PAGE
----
God would not say this of ordinary people, because they are not expected to know any better – God has allowed Satan to cloud their minds (2Cor 4:3-4 and 3:14-15). God is calling to His people to WAKE UP and get to know Him. It is impossible to live God’s way of life if we do not know Him. Do not be deceived; being a “nice” person is not a sign that a person is converted to God’s way of thinking! It has been said that some of the Corinthians had a problem with the resurrection, believing that it had already past (1Cor 15:12 and 2Tim 2:18). This may have been due to some OT saints being resurrected to physical life at the time Christ was resurrected (Mat 27:52-53), but whatever the reason it was error and a significant part of that chapter was used in reminding the Corinthians of the doctrine of the resurrection (1Cor 15:12-22). However, from the tenor of the above indictment (verse 34) it is clear that the problem with the resurrection was minor compared with the greater problem to which it pointed – not knowing God.
This problem of not knowing God is something that afflicts us all to varying degrees, but God did not leave us in the dark about how to address the matter. God spent 42 chapters in His Bible (the book of Job) explaining to a few individuals how, for all their worship of Him, they did not know Him and were even misrepresenting Him. God was not pleased! God refers to Job as being “perfect and upright” (Job 1:1), yet he did not know God the way he was expected to know God. Not knowing God was also Job’s sin (Job 42:5-6), not self-righteousness!
Knowing and appreciating God, all He has done for us and all He intends to do for us is also part of the process of conversion and is not something we can expect to fully realise overnight. However, as it is the basis of the first great commandment, growth in this area is definitely expected – especially since we are given such an example of selflessness and love by the Father Himself.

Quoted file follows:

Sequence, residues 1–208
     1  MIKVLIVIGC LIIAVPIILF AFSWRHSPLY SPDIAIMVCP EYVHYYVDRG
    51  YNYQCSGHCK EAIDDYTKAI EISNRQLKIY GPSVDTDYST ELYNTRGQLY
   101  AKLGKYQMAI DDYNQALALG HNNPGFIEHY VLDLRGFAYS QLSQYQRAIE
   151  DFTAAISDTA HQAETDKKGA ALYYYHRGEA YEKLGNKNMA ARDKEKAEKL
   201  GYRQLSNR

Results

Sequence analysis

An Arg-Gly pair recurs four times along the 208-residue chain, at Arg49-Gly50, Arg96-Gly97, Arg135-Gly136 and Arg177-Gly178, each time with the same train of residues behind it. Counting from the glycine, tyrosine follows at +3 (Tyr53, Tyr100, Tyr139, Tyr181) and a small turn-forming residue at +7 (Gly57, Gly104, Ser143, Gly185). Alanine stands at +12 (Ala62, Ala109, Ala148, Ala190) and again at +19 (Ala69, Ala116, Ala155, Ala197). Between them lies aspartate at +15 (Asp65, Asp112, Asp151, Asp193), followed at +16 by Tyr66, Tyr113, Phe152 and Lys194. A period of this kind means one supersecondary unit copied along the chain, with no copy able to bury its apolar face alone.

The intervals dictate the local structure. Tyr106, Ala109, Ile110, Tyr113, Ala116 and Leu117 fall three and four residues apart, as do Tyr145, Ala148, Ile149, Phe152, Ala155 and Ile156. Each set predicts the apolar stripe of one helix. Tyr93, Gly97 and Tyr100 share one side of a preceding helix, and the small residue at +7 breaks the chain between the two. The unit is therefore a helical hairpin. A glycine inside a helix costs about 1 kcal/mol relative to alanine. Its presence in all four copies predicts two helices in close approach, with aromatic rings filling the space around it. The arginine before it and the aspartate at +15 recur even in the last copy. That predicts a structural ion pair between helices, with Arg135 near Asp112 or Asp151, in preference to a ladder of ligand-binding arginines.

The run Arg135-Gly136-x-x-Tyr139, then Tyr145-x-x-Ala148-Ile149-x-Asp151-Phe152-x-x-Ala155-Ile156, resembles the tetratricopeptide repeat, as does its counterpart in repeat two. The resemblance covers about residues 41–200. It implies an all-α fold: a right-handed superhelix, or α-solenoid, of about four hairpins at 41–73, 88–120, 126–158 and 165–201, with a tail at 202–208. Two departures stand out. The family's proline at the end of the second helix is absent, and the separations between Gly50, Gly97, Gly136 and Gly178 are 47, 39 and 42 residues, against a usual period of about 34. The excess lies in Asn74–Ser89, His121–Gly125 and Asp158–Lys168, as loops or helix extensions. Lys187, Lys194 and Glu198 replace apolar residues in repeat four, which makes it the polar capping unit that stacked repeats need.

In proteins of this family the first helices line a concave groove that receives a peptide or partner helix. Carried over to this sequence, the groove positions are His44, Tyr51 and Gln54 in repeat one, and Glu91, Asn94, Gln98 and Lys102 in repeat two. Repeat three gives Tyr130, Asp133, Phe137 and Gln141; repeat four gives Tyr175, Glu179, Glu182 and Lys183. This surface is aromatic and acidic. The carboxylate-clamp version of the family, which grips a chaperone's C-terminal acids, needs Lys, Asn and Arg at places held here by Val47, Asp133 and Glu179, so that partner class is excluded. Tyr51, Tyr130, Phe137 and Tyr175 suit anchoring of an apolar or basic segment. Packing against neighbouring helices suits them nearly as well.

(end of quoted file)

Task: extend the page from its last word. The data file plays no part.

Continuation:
"…And the second is like it: ‘You shall love your neighbour as yourself.’…” [NKJV].
There are those who think, because Christ placed this Commandment second then it must be of secondary importance to the first, but nothing could be further from the truth. God declares, that if anyone says they love Him and do not love their brother, then they are liars! (1John 4:20). In order to love God it is essential that we FIRST LOVE OUR BROTHER (1John 4:21). In case the magnitude of this point is lost on some, God goes further:
“…The entire law is summed up in a single command: ‘Love your neighbour as yourself.’…" [NIV].
God is making it clear that it is not possible to obey the first Commandment without first obeying the second Commandment. God is revealing the supreme importance He places on people being able to get along with each other. We must learn to be kind towards each other, else we are not going anywhere beyond physical existence. God really wants us to be at peace and enjoy each other’s company and this is reflected in Psa 133:1 & 3:
“…1 How good and pleasant it is when brothers live together in unity!...”
“…3 It is as if the dew of Hermon were falling on Mount Zion. For there the LORD bestows his blessing, even life forevermore…” [NIV].
Nearly 6,000 years ago God re-created the Earth after it had become a lifeless mess due to the angelic war as recorded in Ezek 28. God tells of the chaotic condition of Earth in Gen 1:2 and we know that such condition was not His doing, because He is not the author of confusion (1Cor 14:33). At the time of re-creation God also created mankind and the 7-day week as we know it today. The seventh day, God declared a Sabbath, a day of rest – which symbolizes our final rest from our spiritual labour as human beings in this life. Just as the first day of the Feast of Unleavened Bread pictured the beginning of our Christian journey through life and the whole of the Feast pictures our entire lives as Christians, the seventh day of the Feast of Unleavened Bread pictures the end of our Christian journey through life. It pictures the time of our final physical rest, or human death – which is to say the discarding of our physical bodies. We are to “rest under the altar of God” (Rev 6:9-11) until the time appointed for our resurrection and ascension as spirit beings into the family of God. As the Feast of Unleavened Bread also pictures our day of judgement, in which we fight spiritual battles (Eph 6:12), the physical deaths of the saints is also a literal rest from spiritual labour. In this sense, it also typifies the ultimate rest in the Kingdom of God.